NEW YORK (AP) — Gannett is still in the hunt for Tribune Publishing, a day after investors in the Chicago company showed lackluster support for its board.
A regulatory filing Monday showed more than 40 percent of voting shareholders withheld support for directors put up by the Tribune.
Gannett Co., which has offered $864 million to buy out Tribune Publishing Co., said Tuesday that the tally supports its claim that "five of eight Tribune directors received less than 50 percent support from shares voted that are unaffiliated with Tribune or its Chairman Michael Ferro."
Tribune's stock gained more than 7 percent before the opening bell.
Tribune last week captured a lot of attention and some ridicule after the publisher, founded in 1847, said it was changing its name to Tronc, short for "Tribune online content."
There has been speculation that Gannett Co., owner of USA Today, might pull its offer due to resistance from Ferro.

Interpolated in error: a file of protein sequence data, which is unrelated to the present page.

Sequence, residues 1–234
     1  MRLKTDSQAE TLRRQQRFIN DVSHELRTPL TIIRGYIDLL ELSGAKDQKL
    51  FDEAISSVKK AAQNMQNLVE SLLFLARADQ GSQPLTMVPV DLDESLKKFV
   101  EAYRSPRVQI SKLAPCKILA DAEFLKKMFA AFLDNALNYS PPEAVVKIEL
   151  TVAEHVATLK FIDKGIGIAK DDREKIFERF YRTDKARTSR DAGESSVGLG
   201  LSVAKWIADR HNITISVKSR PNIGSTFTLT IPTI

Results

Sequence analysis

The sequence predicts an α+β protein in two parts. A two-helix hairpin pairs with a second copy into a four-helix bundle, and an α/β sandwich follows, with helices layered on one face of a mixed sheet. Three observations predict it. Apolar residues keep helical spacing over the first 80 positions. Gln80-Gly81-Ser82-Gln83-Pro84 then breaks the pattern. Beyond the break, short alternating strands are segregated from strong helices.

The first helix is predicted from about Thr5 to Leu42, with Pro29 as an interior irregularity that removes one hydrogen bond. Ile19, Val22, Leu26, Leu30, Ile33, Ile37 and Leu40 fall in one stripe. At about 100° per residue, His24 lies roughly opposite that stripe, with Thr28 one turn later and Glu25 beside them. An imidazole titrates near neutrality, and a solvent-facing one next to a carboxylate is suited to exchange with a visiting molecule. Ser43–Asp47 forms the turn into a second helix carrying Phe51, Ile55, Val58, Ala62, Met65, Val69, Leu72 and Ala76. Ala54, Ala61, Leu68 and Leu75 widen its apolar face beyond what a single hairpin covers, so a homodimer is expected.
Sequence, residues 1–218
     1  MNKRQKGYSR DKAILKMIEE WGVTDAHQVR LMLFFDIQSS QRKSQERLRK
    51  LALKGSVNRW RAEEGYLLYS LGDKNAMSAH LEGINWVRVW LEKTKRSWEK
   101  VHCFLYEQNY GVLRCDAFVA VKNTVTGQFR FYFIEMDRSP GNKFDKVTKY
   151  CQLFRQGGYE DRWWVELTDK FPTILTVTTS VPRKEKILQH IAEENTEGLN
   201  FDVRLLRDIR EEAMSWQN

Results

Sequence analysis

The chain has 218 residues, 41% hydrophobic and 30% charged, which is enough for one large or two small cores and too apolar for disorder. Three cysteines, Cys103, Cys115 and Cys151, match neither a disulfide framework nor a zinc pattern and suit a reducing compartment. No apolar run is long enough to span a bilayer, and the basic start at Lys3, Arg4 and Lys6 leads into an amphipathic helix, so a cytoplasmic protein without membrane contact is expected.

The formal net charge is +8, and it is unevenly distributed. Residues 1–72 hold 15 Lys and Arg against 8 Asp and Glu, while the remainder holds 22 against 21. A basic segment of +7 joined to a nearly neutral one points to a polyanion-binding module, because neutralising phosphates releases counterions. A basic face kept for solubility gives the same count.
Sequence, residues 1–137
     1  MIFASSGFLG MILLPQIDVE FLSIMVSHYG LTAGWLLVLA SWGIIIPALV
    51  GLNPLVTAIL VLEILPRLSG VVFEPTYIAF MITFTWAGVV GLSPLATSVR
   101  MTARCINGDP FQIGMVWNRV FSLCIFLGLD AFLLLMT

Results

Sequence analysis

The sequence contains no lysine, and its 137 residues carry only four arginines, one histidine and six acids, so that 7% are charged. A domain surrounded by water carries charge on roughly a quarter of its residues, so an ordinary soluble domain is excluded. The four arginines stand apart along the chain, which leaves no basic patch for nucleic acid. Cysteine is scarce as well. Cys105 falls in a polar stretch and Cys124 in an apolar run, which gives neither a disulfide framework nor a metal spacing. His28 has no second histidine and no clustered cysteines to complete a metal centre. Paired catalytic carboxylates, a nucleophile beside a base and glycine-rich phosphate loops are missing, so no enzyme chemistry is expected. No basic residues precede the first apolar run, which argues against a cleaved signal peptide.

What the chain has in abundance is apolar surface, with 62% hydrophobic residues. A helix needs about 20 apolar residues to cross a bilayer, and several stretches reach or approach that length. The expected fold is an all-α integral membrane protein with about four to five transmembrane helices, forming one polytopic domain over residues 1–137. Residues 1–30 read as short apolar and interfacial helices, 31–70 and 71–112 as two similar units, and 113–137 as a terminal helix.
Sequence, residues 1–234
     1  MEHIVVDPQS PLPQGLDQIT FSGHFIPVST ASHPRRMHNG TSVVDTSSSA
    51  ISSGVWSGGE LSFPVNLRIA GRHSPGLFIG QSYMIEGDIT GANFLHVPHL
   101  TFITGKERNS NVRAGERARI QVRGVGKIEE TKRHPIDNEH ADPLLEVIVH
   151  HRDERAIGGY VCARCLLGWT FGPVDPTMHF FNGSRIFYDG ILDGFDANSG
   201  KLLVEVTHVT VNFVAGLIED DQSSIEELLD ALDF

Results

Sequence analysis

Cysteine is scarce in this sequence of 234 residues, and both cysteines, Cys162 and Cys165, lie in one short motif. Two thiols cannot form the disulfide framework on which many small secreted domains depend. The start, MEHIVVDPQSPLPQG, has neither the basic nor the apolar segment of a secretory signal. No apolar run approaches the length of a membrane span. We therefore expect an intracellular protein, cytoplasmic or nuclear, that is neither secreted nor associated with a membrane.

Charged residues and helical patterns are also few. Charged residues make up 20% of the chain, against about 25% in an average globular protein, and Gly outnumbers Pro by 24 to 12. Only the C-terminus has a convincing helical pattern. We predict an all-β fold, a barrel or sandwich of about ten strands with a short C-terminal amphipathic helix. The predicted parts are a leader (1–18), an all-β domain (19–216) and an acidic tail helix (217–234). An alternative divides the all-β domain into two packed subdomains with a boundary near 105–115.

Tribune, which publishes the Los Angeles Times, the Chicago Tribune and nine other major dailies, has attempted to fend off Gannett, adopting a "poison pill" plan that would make a hostile takeover more difficult. It called Gannett's offering of $15 per share inadequate, but sold 4.7 million shares to California entrepreneur Dr. Patrick Soon-Shiong for that exact amount on the same day.
Shares of Gannett, based in McLean, Virginia, rose slightly in premarket trading.